Christmas Contempt

I heard someone say once that “familiarity breeds contempt.” It sounds a bit harsh, but it’s true isn’t it? You see or hear something enough times, and when it comes up for the umpteenth time you think, ‘This? Again? No thanks.’ It gets discarded like yesterday’s rubbish.

For many things, I suppose it doesn’t matter. Some things could use discarding anyway. But what happens when it is something that matters? What happens when it is something that needs to remain?

Earlier this year I was on a family holiday in Mexico. As I do most holidays, I try to find a useful souvenir to remember it. I saw so many things, but nothing really caught my eye. That is, until I noticed a number of figurines Made with Repix ( of the corner of my eye, arranged, as it were, around a smaller figure. I looked closer and realized it was the nativity scene. You know, Mary, Joseph, wise people, shepherds and animals all crowded around baby Jesus. It was like no nativity I had seen before, and I had seen many. The colours, clothing, and nationalities represented were far from the plainly dressed, brown haired, blue-eyed Caucasian ensemble I knew so well. This was it! I had found my souvenir, but it was much more than that.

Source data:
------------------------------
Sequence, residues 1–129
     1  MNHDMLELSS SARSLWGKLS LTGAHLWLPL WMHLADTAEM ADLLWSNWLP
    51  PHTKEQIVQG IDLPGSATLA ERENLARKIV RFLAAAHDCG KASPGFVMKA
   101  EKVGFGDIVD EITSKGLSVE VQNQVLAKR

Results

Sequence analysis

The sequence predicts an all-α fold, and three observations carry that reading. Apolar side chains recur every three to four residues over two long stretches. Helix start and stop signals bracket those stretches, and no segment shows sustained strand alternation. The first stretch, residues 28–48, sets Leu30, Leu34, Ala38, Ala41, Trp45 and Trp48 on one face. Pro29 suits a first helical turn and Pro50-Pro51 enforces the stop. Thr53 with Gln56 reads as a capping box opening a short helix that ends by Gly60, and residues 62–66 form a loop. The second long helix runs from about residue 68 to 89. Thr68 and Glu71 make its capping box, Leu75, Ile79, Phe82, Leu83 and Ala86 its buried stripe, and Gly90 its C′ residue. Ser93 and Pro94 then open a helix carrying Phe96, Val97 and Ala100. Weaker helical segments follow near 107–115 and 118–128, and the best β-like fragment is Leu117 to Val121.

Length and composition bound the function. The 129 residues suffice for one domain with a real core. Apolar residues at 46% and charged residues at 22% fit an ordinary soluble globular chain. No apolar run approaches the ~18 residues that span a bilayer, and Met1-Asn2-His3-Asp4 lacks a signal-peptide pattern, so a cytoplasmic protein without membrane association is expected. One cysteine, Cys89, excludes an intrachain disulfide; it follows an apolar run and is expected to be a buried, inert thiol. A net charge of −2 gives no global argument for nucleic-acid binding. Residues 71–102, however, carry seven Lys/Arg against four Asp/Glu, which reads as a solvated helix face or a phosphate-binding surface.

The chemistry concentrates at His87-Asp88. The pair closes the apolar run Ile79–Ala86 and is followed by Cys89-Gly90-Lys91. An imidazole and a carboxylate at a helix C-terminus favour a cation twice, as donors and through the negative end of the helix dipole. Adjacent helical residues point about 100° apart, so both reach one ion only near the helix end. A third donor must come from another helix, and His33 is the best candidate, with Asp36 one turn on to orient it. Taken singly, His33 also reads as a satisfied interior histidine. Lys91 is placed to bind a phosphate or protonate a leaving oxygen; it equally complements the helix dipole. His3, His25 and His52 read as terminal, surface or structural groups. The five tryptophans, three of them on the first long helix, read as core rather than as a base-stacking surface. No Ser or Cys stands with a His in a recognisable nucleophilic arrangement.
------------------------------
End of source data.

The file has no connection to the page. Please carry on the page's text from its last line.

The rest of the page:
As I stare at the colourful statuettes, now displayed on my shelf in much colder Canada, I am forced to rethink what has become so familiar to me. And I confess that that familiarity has bred some level of contempt. The nativity and all it represents had lost its wonder and become simply another thing I saw at a certain time every year [I was blessed enough to see/hear it this many times]. Sometimes it takes a completely different perspective to restore the spark in the familiar. But what’s so amazing about the nativity and what it represents, anyway?

There’s one verse that sums it up well for me, and that’s Matthew 1:23. It says, “Behold, the virgin shall conceive and bear a son, and they shall call his name Immanuel (which means, God with us).” Wait a minute. God, with us? God, the creator of all, wanting to be with us? Wow. This short verse dismantles all arguments that God is distant and unfeeling. God chose to become a vulnerable baby, needing to grow and learn in this world, in order to relate to us in a way we could understand.

As if this wasn’t awesome enough in itself, it also gives us a taste of what is to come. Revelation 21:3 says, “See, the home of God is among mortals. He will dwell with them; they will be his peoples, and God himself will be with them.” Matthew 1:23 foreshadows Revelation 21:3, giving us something to remember and something to look forward to. We are not alone in this world, and we anticipate an even closer and more tangible relationship with the God of all.

Isn’t that an amazing Christmas message worth salvaging from contempt?

God: more than a Loving Father

Try something with me for a moment. Put your right hand around your right eye like a telescope, while closing your left eye. [Helpful Tip: If you have glasses like I do, it’s helpful to take them off for this exercise.] Now, have a look at different things in the room you’re in, and then try to see the entire room. Can you do it? Probably not. It’s quite limiting, isn’t it? You can only look at a couple of things at a time.